Follow the signs: CHS students use ASL beyond classroom in sports


Veronica Teeter

Senior Taylor Gallagher signed to the girls on the deaf cheer team that she coaches to smile. Gallagher said learning ASL at the school has helped her communicate with her team, although it is still not always easy.

Olivia Childress

Senior Taylor Gallagher saw herself in the cheerleaders as they flipped through the air. Having cheered for seven years, she knew what was required from an assistant coach. But as familiar as she was with the sport, there was one large difference between her past experiences with cheer and the one that laid ahead: all of the girls on this team were deaf.

Gallagher is the assistant coach for the Indiana School for the Deaf cheer team, one of the top high school deaf cheer teams in the country. She started coaching at Hollywood Allstars Cheer in Carmel last November and was asked if she could help with the School for the Deaf cheer team.

Before this offer, Gallagher was already interested in learning American Sign Language (ASL) and began the CHS class her junior year. She said her involvement with the language was how she started coaching the team, aside from allowing her to learn the language and apply it to her work as a coach. 

ASL teacher Joseph Wheeler  said via interpreter that knowing ASL is an important skill to have. He said he has seen many students use ASL beyond the classroom, like Gallagher does.

Wheeler said, “Students can communicate with me in restaurants or in the hallway outside of class. Why limit yourself with just a few hand gestures when you can learn a whole language with your hands?”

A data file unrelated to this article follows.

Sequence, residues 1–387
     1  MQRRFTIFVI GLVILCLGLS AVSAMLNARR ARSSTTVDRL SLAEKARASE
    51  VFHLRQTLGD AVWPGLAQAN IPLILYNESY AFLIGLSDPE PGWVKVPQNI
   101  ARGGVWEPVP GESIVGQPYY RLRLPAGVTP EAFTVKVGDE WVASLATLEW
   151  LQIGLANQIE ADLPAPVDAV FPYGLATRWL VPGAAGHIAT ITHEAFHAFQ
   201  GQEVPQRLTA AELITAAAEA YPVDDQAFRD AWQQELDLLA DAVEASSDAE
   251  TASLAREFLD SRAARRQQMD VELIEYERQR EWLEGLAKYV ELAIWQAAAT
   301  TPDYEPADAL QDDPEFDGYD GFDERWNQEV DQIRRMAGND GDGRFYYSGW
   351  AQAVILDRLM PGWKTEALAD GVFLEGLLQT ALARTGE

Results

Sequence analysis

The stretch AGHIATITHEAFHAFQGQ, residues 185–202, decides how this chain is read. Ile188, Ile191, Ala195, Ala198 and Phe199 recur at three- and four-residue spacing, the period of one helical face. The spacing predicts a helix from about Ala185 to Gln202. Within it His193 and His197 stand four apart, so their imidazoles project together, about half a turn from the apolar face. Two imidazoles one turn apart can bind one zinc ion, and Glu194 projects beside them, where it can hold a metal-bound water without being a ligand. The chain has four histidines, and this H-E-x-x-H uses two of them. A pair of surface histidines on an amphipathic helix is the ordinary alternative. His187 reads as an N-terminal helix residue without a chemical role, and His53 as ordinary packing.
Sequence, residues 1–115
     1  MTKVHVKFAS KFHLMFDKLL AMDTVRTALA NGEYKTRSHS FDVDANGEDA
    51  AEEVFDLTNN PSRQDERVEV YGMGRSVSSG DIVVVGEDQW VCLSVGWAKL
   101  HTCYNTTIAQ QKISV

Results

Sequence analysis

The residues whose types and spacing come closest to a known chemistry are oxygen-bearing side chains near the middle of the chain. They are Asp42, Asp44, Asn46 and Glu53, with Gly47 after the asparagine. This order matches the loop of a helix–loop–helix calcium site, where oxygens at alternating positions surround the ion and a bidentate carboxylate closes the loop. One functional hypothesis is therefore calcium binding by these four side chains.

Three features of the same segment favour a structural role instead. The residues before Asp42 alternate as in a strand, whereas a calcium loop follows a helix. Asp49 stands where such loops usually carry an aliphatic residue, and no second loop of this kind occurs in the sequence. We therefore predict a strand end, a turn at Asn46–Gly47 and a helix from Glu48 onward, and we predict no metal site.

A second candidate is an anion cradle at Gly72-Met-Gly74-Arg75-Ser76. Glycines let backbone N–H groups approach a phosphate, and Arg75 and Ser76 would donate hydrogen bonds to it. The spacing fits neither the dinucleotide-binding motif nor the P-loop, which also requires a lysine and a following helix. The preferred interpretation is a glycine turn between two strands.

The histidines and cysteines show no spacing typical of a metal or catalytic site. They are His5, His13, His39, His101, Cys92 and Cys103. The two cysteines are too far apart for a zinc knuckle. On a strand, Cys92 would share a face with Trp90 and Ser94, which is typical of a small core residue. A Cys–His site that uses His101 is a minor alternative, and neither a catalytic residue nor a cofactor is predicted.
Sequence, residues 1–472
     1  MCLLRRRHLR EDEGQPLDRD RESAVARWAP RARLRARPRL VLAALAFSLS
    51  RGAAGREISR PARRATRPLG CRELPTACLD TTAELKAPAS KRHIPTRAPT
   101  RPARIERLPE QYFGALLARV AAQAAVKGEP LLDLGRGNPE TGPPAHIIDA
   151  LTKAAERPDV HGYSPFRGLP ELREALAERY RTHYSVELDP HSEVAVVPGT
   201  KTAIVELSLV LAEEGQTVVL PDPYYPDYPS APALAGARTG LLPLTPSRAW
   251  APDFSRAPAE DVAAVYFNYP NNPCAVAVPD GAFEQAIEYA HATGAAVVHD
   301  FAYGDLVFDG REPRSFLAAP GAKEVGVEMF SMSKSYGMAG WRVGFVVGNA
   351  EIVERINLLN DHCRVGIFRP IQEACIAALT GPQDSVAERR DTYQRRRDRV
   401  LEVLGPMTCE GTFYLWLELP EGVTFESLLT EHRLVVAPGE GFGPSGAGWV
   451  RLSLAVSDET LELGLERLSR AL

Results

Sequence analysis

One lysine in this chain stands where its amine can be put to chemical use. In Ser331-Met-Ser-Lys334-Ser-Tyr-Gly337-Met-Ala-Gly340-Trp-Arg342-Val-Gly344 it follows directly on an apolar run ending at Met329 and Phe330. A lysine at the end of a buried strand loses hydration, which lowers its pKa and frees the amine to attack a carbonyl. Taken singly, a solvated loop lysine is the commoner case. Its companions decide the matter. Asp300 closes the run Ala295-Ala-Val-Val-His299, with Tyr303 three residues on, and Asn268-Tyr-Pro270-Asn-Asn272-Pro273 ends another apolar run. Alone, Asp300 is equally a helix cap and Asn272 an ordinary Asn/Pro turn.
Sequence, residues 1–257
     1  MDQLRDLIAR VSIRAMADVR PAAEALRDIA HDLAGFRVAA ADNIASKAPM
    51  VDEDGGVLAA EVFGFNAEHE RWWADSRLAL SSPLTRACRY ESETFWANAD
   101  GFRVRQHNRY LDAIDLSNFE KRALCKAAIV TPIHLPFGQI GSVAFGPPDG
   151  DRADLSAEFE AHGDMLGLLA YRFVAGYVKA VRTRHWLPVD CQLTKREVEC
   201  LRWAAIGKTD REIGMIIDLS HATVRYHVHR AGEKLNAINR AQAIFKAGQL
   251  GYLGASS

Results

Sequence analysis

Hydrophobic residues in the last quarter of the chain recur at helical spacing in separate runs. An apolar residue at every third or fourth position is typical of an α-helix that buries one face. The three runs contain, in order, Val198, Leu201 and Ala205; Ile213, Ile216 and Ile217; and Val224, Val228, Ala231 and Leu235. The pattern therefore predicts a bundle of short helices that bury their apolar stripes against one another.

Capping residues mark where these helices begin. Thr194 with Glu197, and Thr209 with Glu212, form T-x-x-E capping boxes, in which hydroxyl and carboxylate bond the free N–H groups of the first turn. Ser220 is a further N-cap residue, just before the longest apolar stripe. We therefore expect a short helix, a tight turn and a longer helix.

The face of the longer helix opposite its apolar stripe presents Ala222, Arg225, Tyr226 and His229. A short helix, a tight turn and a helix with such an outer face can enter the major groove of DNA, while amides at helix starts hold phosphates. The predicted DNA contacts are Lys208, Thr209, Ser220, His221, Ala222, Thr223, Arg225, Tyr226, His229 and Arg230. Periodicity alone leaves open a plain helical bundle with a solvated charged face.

Robbie Ge

Similarly, Tera Botta, ASL student and senior, said she uses the language outside of the classroom.

“I don’t even think about it— words will come up and I’ll sign it as I speak. (It) helps you understand more with the words. It helps me learn a lot easier,” Botte said.

As comfortable as she was with signing, Gallagher said there were still communication barriers with the girls, although she said she has found ways to work around the hardships.

She said, “Sometimes I won’t know what I’m trying to say and I won’t know how to sign for [it when] coaching them how to stunt and tumble.

“We have to use a lot of visualization for that and have to figure out a way around stunting, like double tapping the foot to cradle to make things go through,” Gallagher said.

Wheeler said he agreed the language barrier can be difficult, as it can be mistranslated or misunderstood.

Differences aside, Gallagher said she approaches the team with the same knowledge and techniques as the other teams she coaches.

She said, “I have had every type of coach so I have learned the best way to work with an athlete. From having the hardest coaches in the world to the easiest coaches in the world, I have learned the good and the bad parts of what I want to do and what I don’t want to do.”

Gallagher said she is still immensely proud of the girls and this opportunity.

“These girls have pushed themselves so hard,” she said. “Last year they went to California for Deaf Nationals, it’s called the Clerc Classic. They went against the best deaf teams in the country but went out and they finished in fourth place. They push themselves as hard as they can.”